Recrudescence and relapse in bacterial meningitis of childhood

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70 Citations (Scopus)

Abstract

Antibiotic therapy of bacterial meningitis in children may be complicated by reappearance of bacteria in cerebrospinal fluid during therapy (recrudescence) or within three weeks after therapy is stopped (relapse). Clinical and laboratory features of six children with recrudescence and of 21 children with relapse were reviewed. These complications occurred mainly in infants less than 2 years of age and comprised less than 1% of all cases of bacterial meningitis. Neither the initial nor the follow-up CSF findings were predictive of recrudescence or relapse. Prolonged or secondary fever was unrelated to these complications. Recrudescence was usually caused by inappropriate therapy whereas relapse after adequate therapy of bacterial meningitis was usually ascribed to persistence of infection in meningeal or parameningeal foci. Relapse did not become manifest until three or more days after discontinuation of therapy. It is concluded that routine examination of CSF at the end of adequate antimicrobial therapy is not necessary or useful when the patient has exhibited a satisfactory clinical response. Furthermore, the commonly recommended observation period of 48 hours in the hospital after discontinuation of therapy is not justified for a patient who has had an uneventful course.

Original languageEnglish (US)
Pages (from-to)188-195
Number of pages8
JournalPediatrics
Volume67
Issue number2
StatePublished - 1981

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Bacterial Meningitides
Recurrence
Therapeutics
Fluid Therapy
Cerebrospinal Fluid
Fever
Observation
Anti-Bacterial Agents
Bacteria

ASJC Scopus subject areas

  • Pediatrics, Perinatology, and Child Health

Cite this

Recrudescence and relapse in bacterial meningitis of childhood. / Schaad, U. B.; Nelson, J. D.; McCracken, G. H.

In: Pediatrics, Vol. 67, No. 2, 1981, p. 188-195.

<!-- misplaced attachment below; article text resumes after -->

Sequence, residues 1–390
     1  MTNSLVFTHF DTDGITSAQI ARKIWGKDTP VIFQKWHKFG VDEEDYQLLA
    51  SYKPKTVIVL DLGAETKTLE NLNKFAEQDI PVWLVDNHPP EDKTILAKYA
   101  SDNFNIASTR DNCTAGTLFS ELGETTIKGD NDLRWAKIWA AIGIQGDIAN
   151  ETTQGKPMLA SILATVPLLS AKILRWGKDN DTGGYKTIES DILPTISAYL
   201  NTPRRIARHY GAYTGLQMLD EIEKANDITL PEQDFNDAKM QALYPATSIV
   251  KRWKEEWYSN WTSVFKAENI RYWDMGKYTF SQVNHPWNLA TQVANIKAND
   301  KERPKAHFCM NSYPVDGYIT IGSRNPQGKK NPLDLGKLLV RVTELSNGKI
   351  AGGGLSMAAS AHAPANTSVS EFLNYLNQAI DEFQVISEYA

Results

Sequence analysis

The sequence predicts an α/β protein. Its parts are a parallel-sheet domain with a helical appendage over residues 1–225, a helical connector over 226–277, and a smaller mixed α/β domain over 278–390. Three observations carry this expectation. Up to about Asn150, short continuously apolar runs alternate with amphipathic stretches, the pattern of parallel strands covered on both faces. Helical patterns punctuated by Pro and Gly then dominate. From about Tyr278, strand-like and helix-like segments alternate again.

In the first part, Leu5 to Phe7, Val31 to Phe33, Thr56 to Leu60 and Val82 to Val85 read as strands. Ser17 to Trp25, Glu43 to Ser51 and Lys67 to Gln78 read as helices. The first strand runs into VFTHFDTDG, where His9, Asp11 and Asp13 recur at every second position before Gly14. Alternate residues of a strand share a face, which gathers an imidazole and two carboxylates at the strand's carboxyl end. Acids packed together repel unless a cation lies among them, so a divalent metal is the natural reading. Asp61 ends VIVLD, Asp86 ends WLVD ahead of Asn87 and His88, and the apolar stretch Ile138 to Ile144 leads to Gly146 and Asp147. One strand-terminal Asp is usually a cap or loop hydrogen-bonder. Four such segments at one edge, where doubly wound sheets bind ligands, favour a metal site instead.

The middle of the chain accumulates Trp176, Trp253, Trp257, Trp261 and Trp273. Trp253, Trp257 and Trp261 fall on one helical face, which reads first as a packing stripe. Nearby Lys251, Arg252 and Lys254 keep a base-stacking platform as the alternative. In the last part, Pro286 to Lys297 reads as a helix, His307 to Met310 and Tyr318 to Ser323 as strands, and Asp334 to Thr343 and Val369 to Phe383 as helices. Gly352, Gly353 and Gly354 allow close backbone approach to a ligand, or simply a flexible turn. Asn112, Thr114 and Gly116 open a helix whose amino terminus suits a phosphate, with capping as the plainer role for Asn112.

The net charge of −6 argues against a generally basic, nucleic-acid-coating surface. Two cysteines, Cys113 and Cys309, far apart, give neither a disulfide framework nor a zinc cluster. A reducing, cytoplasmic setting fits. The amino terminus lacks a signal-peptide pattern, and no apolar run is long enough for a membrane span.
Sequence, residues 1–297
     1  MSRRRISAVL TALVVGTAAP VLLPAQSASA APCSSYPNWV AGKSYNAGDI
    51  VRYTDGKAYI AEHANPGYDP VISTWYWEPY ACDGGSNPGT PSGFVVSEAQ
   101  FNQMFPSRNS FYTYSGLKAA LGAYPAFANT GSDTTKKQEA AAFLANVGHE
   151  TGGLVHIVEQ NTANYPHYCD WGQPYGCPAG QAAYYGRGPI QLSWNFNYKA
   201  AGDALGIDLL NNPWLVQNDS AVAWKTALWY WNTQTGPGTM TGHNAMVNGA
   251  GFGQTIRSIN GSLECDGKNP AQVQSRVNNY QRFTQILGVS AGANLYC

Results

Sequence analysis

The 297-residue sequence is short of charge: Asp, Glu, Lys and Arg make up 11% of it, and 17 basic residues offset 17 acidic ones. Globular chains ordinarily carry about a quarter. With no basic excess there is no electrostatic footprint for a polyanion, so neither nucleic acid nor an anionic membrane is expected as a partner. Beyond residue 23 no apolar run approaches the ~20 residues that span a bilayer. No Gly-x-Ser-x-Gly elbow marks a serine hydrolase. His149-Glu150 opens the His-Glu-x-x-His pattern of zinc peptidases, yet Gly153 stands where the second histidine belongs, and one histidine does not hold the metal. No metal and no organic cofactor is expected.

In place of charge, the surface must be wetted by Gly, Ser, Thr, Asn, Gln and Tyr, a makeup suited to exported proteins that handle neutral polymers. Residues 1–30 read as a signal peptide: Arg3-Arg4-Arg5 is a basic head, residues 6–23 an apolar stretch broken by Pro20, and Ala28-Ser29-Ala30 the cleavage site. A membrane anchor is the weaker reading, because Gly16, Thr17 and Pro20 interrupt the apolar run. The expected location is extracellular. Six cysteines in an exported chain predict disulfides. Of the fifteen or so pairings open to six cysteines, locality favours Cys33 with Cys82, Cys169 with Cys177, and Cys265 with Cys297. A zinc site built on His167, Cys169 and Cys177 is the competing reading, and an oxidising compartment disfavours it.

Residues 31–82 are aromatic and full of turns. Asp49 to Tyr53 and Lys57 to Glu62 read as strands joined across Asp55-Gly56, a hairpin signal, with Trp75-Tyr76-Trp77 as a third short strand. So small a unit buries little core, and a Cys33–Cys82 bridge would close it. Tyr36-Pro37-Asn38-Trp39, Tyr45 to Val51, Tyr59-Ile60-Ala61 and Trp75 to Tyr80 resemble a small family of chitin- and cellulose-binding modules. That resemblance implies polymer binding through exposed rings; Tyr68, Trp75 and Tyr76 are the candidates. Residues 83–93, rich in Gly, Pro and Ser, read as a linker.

Research output: Contribution to journalArticle

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N2 - Antibiotic therapy of bacterial meningitis in children may be complicated by reappearance of bacteria in cerebrospinal fluid during therapy (recrudescence) or within three weeks after therapy is stopped (relapse). Clinical and laboratory features of six children with recrudescence and of 21 children with relapse were reviewed. These complications occurred mainly in infants less than 2 years of age and comprised less than 1% of all cases of bacterial meningitis. Neither the initial nor the follow-up CSF findings were predictive of recrudescence or relapse. Prolonged or secondary fever was unrelated to these complications. Recrudescence was usually caused by inappropriate therapy whereas relapse after adequate therapy of bacterial meningitis was usually ascribed to persistence of infection in meningeal or parameningeal foci. Relapse did not become manifest until three or more days after discontinuation of therapy. It is concluded that routine examination of CSF at the end of adequate antimicrobial therapy is not necessary or useful when the patient has exhibited a satisfactory clinical response. Furthermore, the commonly recommended observation period of 48 hours in the hospital after discontinuation of therapy is not justified for a patient who has had an uneventful course.

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